Major Study: He who eats most veggies lives longest | 11/22/10

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Read More: archives of internal medicine, Centers for Disease Control and Prevention, vegetables

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Your mom wasn't lying about those veggies. A new study released by the Archives of Internal Medicine reveals that people with high blood levels of the antioxidant alpha-carotene -- found in a variety of vegetables -- were less likely to die during a 14-year longitudinal study, compared with people with low levels of the carotenoid.

According to the study, a major contributor to chronic diseases like cancer and heart disease may be oxygen-related damage of DNA, protein and fat cells. That damage can be mitigated by the antioxidant action of carotenoids, such as beta-carotene, alpha-carotene and lycopene. Most people get these nutrients through foods, like fruits and veggies, that are loaded with them. (More on 5 Ways to Get Oatmeal in Your Diet, Deliciously)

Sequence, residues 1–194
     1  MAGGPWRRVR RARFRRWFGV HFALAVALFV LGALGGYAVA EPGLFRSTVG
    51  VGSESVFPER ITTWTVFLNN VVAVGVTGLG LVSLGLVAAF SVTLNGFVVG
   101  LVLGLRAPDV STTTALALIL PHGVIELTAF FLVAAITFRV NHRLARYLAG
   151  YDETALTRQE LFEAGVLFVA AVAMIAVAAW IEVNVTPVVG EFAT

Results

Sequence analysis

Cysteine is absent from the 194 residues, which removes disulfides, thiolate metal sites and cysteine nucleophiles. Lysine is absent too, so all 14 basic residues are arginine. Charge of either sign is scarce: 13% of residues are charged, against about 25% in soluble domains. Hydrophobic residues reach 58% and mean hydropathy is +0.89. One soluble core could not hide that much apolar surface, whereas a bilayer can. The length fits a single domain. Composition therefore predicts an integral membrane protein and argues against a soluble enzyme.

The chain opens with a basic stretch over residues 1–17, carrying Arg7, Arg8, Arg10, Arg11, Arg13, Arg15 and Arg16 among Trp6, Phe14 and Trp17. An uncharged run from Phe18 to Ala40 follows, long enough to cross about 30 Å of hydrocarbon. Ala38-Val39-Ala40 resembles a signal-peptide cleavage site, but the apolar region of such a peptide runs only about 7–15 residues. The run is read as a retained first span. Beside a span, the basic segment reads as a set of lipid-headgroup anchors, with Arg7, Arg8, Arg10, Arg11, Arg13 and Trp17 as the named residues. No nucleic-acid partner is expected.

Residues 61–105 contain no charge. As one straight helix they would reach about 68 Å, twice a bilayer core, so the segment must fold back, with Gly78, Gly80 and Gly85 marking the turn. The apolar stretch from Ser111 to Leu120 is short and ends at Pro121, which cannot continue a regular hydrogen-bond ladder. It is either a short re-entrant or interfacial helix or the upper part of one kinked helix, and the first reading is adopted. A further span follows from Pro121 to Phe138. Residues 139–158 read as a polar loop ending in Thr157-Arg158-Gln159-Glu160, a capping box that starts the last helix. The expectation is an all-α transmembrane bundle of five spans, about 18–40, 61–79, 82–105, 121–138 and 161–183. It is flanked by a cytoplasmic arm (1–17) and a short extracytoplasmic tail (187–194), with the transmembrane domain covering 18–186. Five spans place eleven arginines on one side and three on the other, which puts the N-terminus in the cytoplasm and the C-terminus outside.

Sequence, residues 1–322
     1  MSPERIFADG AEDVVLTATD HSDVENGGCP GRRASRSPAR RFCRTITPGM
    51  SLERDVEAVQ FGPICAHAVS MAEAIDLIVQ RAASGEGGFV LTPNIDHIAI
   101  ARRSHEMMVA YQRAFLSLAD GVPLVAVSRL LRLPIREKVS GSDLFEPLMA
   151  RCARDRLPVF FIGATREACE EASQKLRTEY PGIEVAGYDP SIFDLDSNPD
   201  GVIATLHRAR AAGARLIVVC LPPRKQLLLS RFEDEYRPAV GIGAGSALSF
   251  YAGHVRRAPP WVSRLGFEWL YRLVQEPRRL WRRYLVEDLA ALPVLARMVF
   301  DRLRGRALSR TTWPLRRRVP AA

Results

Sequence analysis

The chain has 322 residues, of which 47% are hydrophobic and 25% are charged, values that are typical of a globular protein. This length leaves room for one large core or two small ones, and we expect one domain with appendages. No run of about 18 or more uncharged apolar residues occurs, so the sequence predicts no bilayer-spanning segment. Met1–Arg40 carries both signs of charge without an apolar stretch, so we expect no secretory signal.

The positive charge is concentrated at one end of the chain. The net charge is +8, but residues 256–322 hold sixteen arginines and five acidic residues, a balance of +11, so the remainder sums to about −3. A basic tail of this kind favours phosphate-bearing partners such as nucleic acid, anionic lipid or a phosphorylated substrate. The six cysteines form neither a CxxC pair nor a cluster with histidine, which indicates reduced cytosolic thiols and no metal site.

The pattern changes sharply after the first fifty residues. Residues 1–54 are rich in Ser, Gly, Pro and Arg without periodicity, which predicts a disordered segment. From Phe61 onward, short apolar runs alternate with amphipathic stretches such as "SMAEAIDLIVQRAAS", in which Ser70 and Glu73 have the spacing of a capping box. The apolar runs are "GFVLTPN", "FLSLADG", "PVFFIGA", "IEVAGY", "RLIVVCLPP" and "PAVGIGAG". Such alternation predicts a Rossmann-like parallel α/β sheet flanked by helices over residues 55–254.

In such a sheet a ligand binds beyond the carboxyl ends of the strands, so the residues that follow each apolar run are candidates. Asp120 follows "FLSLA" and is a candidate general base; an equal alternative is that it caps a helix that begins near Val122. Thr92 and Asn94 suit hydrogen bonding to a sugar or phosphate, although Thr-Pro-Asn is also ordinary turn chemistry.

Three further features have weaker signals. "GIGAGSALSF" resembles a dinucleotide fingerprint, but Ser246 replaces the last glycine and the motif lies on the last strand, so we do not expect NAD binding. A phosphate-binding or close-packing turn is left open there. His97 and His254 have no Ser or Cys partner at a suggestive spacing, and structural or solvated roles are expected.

For the new study, researchers from the Centers for Disease Control and Prevention (CDC) monitored alpha-carotene levels in the blood of 15,318 adults, age 20 or older, who participated in the Third National Health and Nutrition Examination Survey Follow-up Study between 1988 and 1994. In 2006, researchers surveyed how many of their sample had died and from what cause. They found that 3,810 had died, and that people with the highest levels of alpha-carotene in the blood were significantly less likely to die than those with lowest levels.

Compared with the lowest-level group, those with between 0 and 1 micrograms of alpha-carotene per deciliter of blood -- a small, but normal amount -- people who had between 2 and 3 mcg/dL of alpha-carotene were 23% less likely to die of any cause. What's more, the risk of death decreased as alpha-carotene increased: people with 4-5 mcg/dL were 27% less likely to die than people in the lowest-level group; the reduction in death risk was 34% for those in the 6-8 mcg/dL group, and 39% for people in the highest-level group, with 9 mcg/dL or higher. (More on Top 10 Protected Foods)

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